Thursday, December 31, 2009


Top British scientists tell us to start New Year with a “glass of bubbly,” to keep strokes and heart attacks away, like two glasses of red wine is recommended for as well.  According to Dr. Jeremy Spencer of Reading University, who asked the Daily Mail, “a couple of glasses a day has a beneficial effect on the walls of blood vessels—which suggests champagne has the potential to reduce strokes and heart disease.”  Other types of sparkling wines can help, and perhaps a mug of hot cocoa, though Dr Spencer said, “While the benefit is the same, it doesn’t seem as much fun somehow.”  We leave the choice up to the readership!

Saturday, December 19, 2009


A guy named Bob May, depressed and brokenhearted, stared out his drafty apartment window into the chilling December night. His 4-year-old daughter, Barbara, sat on his lap quietly sobbing. Bobs wife, Evelyn, was dying of cancer. Little Barbara couldn't understand why her mommy could never come home. Barbara looked up into her dads eyes and asked, "Why isn't Mommy just like everybody else's Mommy?" Bob's jaw tightened and his eyes welled with tears. Her question brought waves of grief, but also of anger. It had been the story of Bob's life. Life always had to be different for Bob. Being small when he was a kid, Bob was often bullied by other boys. He was too little at the time to compete in sports. He was often called names he'd rather not remember.

From childhood, Bob was different and never seemed to fit in. Bob did complete college, married his loving wife and was grateful to get his job as a copywriter at Montgomery Ward during the Great Depression. Then he was blessed with his little girl. But it was all short-lived. Evelyn's bout with cancer stripped them of all their savings and now Bob and his daughter were forced to live in a two-room apartment in the Chicago slums. Evelyn died just days before Christmas in 1938. Bob struggled to give hope to his child, for whom he couldn't even afford to buy a Christmas gift. But if he couldn't buy a gift, he was determined a make
one - a storybook!

Bob had created an animal character in his own mind and told the animal's story to little Barbara to give her comfort and hope. Again and again Bob told the story, embellishing it more with each telling. Who was the character? What was the story all about? The story Bob May created was his own autobiography in fable form. The character he created was a misfit outcast like he was. The name of the character? A little reindeer named Rudolph, with a big shiny nose.

Bob finished the book just in time to give it to his little girl on
Christmas Day. But the story doesn't end there. The general manager of Montgomery Ward caught wind of the little storybook and offered Bob May a nominal fee to purchase the rights to print the book. Wards went on to print Rudolph the Red-Nosed Reindeer and distribute it to children visiting Santa Claus in their stores. By 1946 Wards had printed and distributed more than six million copies of Rudolph. That same year, a major publisher wanted to purchase the rights from Wards to print an updated version of the book. In an unprecedented gesture of kindness, the CEO of Wards returned all rights back to Bob May. The book became a best seller. Many toy and marketing deals followed and Bob May, now remarried with a growing family, became wealthy from the story he created to comfort his grieving daughter.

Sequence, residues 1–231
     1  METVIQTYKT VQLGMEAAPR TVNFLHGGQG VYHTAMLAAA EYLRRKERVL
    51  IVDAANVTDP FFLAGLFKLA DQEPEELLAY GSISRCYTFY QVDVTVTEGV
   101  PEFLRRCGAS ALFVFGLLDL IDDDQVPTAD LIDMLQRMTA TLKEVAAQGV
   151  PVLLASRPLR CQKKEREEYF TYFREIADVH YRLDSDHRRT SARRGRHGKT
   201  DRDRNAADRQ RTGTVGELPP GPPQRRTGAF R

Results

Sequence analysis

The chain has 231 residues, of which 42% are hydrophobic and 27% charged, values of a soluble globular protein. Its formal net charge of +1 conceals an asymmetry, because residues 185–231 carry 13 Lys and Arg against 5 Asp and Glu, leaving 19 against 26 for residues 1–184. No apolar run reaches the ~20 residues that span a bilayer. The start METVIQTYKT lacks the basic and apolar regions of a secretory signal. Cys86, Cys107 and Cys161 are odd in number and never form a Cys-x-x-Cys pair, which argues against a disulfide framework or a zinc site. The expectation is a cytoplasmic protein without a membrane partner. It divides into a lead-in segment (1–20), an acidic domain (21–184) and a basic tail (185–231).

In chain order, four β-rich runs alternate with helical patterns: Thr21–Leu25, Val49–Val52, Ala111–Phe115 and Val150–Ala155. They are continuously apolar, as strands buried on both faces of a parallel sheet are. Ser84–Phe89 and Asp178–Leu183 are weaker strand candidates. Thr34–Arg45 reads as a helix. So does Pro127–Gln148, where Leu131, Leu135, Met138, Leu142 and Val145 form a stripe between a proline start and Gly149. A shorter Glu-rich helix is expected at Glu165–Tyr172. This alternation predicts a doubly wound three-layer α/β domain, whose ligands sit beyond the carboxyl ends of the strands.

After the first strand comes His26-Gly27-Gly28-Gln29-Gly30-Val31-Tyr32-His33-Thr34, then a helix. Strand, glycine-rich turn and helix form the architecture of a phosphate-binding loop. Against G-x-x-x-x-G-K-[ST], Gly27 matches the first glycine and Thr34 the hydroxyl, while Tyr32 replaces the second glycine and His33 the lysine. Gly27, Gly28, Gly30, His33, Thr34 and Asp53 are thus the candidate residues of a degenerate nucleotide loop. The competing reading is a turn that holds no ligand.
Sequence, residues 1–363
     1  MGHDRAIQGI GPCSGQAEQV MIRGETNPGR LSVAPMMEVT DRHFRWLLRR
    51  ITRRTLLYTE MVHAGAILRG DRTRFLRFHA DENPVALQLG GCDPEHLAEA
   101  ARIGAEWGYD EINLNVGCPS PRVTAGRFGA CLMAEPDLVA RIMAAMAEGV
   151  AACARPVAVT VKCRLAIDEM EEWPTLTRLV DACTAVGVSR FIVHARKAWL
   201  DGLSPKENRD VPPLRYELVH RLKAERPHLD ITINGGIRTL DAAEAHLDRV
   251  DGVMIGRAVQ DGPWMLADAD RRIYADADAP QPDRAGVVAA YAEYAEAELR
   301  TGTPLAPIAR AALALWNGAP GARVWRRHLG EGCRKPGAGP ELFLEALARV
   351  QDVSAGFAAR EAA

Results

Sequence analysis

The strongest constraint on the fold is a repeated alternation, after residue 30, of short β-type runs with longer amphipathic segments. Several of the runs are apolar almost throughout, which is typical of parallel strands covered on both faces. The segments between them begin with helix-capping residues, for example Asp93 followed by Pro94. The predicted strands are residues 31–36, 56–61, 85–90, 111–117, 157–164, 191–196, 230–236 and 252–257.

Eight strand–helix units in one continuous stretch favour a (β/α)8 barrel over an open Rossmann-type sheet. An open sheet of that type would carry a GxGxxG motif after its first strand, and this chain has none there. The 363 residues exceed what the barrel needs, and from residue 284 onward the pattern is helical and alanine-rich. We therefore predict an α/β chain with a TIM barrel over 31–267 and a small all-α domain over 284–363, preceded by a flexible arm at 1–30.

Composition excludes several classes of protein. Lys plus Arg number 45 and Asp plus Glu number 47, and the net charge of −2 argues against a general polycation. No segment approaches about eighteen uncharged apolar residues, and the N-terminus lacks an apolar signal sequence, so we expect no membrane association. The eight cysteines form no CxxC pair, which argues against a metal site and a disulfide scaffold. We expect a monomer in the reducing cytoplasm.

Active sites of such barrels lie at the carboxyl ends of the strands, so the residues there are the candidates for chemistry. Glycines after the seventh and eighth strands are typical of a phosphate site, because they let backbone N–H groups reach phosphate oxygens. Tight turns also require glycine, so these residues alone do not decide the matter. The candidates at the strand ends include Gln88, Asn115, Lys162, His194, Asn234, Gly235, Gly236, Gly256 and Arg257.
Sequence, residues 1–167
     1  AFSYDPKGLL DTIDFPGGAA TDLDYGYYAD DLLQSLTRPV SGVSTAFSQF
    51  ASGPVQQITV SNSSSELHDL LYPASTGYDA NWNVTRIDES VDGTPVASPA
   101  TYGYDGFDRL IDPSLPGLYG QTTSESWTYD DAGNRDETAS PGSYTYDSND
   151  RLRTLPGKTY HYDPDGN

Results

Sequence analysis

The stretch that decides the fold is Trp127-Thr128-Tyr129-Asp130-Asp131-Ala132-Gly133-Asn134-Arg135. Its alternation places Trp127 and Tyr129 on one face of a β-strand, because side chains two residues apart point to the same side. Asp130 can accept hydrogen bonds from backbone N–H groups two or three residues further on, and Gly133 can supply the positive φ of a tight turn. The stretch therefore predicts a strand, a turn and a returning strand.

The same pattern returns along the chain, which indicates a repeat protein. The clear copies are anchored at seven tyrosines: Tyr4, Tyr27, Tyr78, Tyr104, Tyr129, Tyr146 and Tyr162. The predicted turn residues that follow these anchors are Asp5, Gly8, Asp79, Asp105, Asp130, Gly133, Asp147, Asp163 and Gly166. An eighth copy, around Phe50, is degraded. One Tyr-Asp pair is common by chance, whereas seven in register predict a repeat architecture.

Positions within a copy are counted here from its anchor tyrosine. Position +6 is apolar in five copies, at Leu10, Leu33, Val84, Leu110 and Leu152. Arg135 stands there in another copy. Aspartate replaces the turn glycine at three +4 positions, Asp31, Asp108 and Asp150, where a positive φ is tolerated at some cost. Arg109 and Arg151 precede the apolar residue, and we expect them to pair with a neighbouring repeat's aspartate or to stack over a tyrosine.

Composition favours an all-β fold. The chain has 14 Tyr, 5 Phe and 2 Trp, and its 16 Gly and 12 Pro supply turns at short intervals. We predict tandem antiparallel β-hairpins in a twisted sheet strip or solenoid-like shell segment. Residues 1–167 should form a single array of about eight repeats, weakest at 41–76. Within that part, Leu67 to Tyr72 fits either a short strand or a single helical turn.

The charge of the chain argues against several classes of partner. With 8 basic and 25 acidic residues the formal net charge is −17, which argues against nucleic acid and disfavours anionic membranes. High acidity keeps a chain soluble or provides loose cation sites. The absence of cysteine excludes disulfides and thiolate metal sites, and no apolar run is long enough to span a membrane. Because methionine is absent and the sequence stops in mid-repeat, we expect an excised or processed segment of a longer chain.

But the story doesn't end there either. Bob's brother-in-law, Johnny Marks, made a song adaptation to Rudolph. Though the song was turned down by such popular vocalists as Bing
Crosby and Dinah Shore , it was recorded by the singing cowboy, Gene Autry. "Rudolph the Red-Nosed Reindeer" was released in 1949 and became a phenomenal success, selling more records than any other Christmas song, with the exception of "White Christmas." The gift of love that Bob May created for his daughter so long ago kept on returning to bless him again and again. And Bob May learned the lesson, just like his dear friend Rudolph, that being different isn't so bad. In fact, being different can be a blessing!

Friday, December 11, 2009


With 3 performances coming up, you don’t want to miss the international cast of champion pairs an soloists, colorful costumes and exciting music, electrifying jumps, lifts and spins and enchanting vocals.  Olympic Bronze medalist and 2-time European Champion Jozef (“Jumpin’ Joe) Sabovcik will WOW us with his skating performance.  Performances are Friday, December 18th at 8 pm; Saturday, December 19th at 2pm and 8pm; Sunday, December 20th at 2 pm and 7 pm.   

Tickets are $42 and can be ordered online at or by calling 561-243-7922, ext 1.  The Crest Theatre is located at Old School square, 51 No. Winton Avenue, Delray Beach.   

Come early with the elementary school (and pre-school) children who can ride the Carousel.  Carousel hours are 5-9 pm weekdays and 1-9 pm weekends and during school break.  Rides are $2 each.

Monday, December 07, 2009


Visit the Panther Ridge Conservation Center in Wellington to see the lifetime home for abandoned, abused or unwanted captive, exotic felines.  Here you can learn about the challenges these animals face in the wild, medical care, nutrition and the problems related to private ownership.  The animals roam within a 3-acre pen.   

The Center is located at 14755 Palm Beach Point Boulevard in Wellington, FL 33414 - Phone: 561-795-8914.  Group and Individual Tours can be arranged. 

The Center survives as a non-profit organization thanks to contributions from corporations, individual patrons and veterinary facilities.   

Come on over on December 13th for hors d’oeuvres, entertainment, raffle prizes and take a photo with a baby jaguar at their fund raising event from 12-3 pm at LoLa Restaurant and Ultria Lounge, 16950 Jog Road, Delray Beach.  561-496-5652.